On Sunday there was a talk on Steampunk Archetypes which put me off rather. While I was amused by the theological hairsplitting between steampunk, clockpunk and dieselpunk (apparently you can adapt Victorian/Edwardian fashion as much as you like, but if your imaginary power source is diesel rather than steam or phlogiston, you'd better not call yourself steampunk, hombre), the narrowness of the permissable cultural influences was making me twitch. According to the speaker, the only 'pure' locales were London and the American West. Oh, and parts of the British Empire, if you were an Explorer or Engineer (ie white?).
When questions were permitted I asked if France & Europe were acceptable locales, given that Jules Verne (not from London) was surely one of the founding fathers of Victorian sf? Which point was rather missed in the reply, which was that Verne, yeah, Verne was very important.
Given that K.W. Jeter, Cherie Priest, and Jay Lake (those just off the top of my head) all write stories that deal with the underside of industrial and colonial expansion and have multicultural characters, I hadn't expected this unexamined narrowness--maybe it's more an aspect of the costuming side? The speaker seemed much happier once she got onto weapons-modding.
This weekend: rain and clouds and cold. I've had a fire going most of the day and have moved my laptop into the kitchen for warmth & solace. Working on Cost of Silver with breaks to read Witchfinders: a 17th century English tragedy, by Malcolm Gaskill (narrative nonfic about Hopkins & Stearne). This is not cheerful reading, though engrossing. Gaskill fictionalises a good deal, guessing at motives and background, but as long as one keeps that in mind, I don't think it's a problem.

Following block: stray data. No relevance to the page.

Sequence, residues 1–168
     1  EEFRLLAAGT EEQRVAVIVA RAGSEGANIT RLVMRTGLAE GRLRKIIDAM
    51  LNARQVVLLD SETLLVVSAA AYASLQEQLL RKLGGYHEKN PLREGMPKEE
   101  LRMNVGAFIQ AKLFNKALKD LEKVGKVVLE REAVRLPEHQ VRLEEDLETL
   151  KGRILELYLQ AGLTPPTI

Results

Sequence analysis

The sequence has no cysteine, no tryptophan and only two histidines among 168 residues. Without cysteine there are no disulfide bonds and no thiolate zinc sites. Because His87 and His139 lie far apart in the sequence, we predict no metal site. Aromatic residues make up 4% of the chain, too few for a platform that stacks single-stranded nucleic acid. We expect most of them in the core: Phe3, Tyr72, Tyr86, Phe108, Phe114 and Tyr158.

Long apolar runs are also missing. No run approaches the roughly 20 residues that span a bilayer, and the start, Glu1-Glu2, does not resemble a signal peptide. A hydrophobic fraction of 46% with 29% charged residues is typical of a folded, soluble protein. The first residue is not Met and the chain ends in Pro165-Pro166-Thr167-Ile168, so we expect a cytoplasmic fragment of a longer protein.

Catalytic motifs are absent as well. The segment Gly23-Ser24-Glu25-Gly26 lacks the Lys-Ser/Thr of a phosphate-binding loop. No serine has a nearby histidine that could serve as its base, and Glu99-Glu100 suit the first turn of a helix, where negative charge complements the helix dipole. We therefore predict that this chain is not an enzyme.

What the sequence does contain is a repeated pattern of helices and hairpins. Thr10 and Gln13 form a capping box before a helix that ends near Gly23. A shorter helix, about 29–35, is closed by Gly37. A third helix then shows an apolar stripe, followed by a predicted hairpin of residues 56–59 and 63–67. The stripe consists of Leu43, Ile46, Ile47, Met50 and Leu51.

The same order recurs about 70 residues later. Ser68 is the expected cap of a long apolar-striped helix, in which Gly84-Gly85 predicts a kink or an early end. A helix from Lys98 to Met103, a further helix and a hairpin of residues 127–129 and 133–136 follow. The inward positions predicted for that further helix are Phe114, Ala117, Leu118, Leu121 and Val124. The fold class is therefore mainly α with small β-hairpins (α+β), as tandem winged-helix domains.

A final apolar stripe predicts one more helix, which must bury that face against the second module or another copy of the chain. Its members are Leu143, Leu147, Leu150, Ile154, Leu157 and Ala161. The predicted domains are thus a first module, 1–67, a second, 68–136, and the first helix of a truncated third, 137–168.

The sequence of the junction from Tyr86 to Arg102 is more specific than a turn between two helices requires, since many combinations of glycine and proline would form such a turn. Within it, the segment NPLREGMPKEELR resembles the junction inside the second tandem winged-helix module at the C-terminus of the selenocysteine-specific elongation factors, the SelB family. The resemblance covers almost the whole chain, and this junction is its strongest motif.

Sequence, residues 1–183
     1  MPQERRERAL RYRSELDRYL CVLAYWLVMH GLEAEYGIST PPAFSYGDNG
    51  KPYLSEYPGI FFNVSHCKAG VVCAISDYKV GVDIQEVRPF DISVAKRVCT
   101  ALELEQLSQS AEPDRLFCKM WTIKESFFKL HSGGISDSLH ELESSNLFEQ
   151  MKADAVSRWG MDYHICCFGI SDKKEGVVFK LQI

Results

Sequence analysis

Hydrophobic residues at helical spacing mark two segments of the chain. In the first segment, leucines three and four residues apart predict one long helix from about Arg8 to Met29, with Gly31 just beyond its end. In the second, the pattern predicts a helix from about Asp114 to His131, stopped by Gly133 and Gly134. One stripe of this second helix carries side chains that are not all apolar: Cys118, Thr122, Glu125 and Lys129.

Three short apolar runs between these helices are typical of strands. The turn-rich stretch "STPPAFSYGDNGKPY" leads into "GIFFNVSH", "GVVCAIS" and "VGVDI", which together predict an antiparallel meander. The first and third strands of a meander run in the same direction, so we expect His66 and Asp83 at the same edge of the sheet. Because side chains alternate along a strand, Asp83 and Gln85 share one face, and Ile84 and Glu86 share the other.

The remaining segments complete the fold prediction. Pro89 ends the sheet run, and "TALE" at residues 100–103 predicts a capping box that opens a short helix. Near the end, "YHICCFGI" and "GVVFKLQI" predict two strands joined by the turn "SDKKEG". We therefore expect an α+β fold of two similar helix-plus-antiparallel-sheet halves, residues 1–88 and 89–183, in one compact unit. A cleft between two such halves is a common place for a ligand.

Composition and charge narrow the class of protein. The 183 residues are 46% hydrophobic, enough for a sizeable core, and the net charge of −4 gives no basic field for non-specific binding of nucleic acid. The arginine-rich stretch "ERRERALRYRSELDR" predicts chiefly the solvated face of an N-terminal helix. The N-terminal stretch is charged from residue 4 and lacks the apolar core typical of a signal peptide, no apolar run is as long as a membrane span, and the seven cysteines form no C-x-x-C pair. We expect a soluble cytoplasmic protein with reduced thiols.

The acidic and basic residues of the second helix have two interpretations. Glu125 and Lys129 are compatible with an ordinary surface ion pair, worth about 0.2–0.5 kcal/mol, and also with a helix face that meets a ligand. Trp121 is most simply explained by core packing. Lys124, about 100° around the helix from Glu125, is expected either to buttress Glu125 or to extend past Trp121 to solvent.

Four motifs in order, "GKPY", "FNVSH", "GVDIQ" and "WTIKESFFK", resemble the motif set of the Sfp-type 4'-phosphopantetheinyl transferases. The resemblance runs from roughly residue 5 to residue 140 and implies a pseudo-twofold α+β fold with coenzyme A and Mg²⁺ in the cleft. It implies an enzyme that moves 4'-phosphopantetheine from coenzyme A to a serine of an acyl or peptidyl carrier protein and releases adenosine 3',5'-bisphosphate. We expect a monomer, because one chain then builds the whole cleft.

The thing that's hanging me up with research is trying to get a picture of how the witch fever tied in with the Civil War that was going on at the same time. Not psychologically, because I get that the uncertainty and disruption and privations of war would be a proper breeding ground for fears of intangible malicious influence. But physically, how the witch finders travelled through an England scattered with armed camps that would take passing strangers to be spies, and just how people carried on their lives. I probably need to get Antonia Fraser's The Weaker Vessel: women's lot in 17th century England out again, for that side.